โ„น If you install Chameleon on a domain that's different from your email domain, it will be automatically disabled, and you should manually enable it in your Environments, or during the last step of your installation. The same goes for new subdomains that you add to already-enabled domains.

Encoding is enforced when the first verified request is received. This means that if the uid_hash being sent does not verify, Encoding UIDs will fail and not be enabled for your account.

Once we receive any secured data from any page where your account's Chameleon token is used, all un-verified data (sent without the signature) will be ignored by Chameleon and will return a 401 error HTTP response.

This means that users identified without the verification hash will not see any Chameleon Experiences until they are securely identified.

You can also test your Encoding from the Dashboard, by pressing the "Test Enconding" button. In the modal that opens, you can add an example UID and its hashed version to verify that this is working correctly.

Adding Encoding UIDs to an existing installation

If you are switching from sending unsecured data to securing your user data, then we recommend deploying this change to production first, to enable a smooth roll-out to your users.

An alternative path is to deploy to your staging environment in off-hours and then to production as soon as possible. During the period between first verification on staging and verification on production, no Chameleon Experiences will be shown to end-users in your production environment.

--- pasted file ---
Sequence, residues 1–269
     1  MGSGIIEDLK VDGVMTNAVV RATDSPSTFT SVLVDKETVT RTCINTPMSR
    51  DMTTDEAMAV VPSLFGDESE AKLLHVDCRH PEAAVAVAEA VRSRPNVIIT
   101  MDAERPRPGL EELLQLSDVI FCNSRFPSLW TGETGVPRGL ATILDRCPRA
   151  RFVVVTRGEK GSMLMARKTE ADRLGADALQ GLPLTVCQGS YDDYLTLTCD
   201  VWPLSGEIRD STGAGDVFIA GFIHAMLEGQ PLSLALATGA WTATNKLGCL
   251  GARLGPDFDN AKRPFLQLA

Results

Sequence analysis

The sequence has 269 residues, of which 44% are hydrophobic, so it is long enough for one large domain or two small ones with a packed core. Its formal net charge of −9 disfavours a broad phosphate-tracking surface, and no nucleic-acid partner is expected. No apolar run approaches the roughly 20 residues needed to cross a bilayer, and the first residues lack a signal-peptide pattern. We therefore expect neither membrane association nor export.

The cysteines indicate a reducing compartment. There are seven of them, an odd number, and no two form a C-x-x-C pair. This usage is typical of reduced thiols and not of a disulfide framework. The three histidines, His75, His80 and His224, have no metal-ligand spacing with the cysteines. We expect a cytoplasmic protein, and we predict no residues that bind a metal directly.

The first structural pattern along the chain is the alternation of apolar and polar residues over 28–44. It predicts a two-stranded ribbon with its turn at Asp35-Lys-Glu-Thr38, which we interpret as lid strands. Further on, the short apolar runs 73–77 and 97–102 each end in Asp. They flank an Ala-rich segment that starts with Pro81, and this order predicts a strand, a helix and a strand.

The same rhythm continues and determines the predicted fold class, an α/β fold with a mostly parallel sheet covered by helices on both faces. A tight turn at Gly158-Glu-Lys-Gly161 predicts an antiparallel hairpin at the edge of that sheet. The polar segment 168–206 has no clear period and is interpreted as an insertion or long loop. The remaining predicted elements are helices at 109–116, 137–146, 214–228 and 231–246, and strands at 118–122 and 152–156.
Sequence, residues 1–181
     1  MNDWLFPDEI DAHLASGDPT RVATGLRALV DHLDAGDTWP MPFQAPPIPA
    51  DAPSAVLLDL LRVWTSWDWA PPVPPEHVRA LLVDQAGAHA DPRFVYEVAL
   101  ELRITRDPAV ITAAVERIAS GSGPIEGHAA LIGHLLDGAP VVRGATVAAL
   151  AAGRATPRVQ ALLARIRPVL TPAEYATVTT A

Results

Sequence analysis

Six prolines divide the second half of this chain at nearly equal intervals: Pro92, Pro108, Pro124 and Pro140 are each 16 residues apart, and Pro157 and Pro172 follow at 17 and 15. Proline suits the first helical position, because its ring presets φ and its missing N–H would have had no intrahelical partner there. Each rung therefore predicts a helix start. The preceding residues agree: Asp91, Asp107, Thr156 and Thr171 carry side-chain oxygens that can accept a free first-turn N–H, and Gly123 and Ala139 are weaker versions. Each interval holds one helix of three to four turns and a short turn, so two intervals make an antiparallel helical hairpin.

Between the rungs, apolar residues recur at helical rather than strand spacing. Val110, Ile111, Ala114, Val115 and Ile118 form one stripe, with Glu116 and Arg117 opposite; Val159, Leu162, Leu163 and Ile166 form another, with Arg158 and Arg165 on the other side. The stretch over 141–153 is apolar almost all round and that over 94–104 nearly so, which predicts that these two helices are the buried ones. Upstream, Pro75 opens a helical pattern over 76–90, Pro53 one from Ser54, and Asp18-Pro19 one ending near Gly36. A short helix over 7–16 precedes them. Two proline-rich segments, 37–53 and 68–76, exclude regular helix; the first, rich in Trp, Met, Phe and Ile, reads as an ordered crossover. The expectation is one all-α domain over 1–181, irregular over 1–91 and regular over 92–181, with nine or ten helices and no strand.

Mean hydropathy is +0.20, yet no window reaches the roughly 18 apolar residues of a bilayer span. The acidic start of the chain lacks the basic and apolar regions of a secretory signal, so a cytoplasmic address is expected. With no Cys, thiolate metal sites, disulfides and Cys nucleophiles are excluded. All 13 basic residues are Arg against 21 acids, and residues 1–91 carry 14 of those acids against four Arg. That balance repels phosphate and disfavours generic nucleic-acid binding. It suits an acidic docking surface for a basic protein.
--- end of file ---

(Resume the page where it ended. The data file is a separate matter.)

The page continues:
โ„น Once you Encode your User IDs, all REST API requests must use your Secret API key found on the installation page and not your account token (identifier in the installed Chameleon code snippet). Any requests using your account token will be ignored (401 error response).

FAQ and Troubleshooting

When is Encoding enabled?

When Chameleon receives your first verified request, identity verification is turned on and enforced.

Can I disable UID Encoding?

You cannot turn off Encoding UIDs once you have started sending us secure data. Contact us if you need to disable it.

Will it work if I have multiple user accounts for testing my application?

The short answer is yes. But because your backend generates this signature, when you login as a different user, your system will send a signature corresponding to the different user.

Can I have rotating secret keys?

Yes! We're so glad you asked. We can generate a new key for you when you request it and it'll show up on your installation page. We'll leave both keys enabled while you switch them, then just contact us and we'll remove the old one.

Possible reasons for failure

  • Are you sending a User ID along with the uid_hash? If you just send the uid_hash without the uid or just the uid once verification is on, the identity verification check will fail (401 HTTP error code)

  • Are you sending the current timestamp inside and outside the signature? The current timestamp is required to be transmitted at the end of the signature and to have also been part of the signature. Refer to the code samples for language-specific instructions. Without this timestamp, value signatures are valid in perpetuity.

  • Are you using the correct Secret Key? You need to use the Secret Key provided on the Installation page under the Encode UID option. This is different from the token in your installation code snippet or other API keys. Making up a key will also not work.

  • Is this the latest version of your code? If this is an older version of your app, or your JavaScript code is cached you might not be sending a uid_hash with your user data in which case the check might also fail.

๐Ÿ‘‰ Still having trouble Encoding your UIDs? Please email us and weโ€™ll be happy to take a look!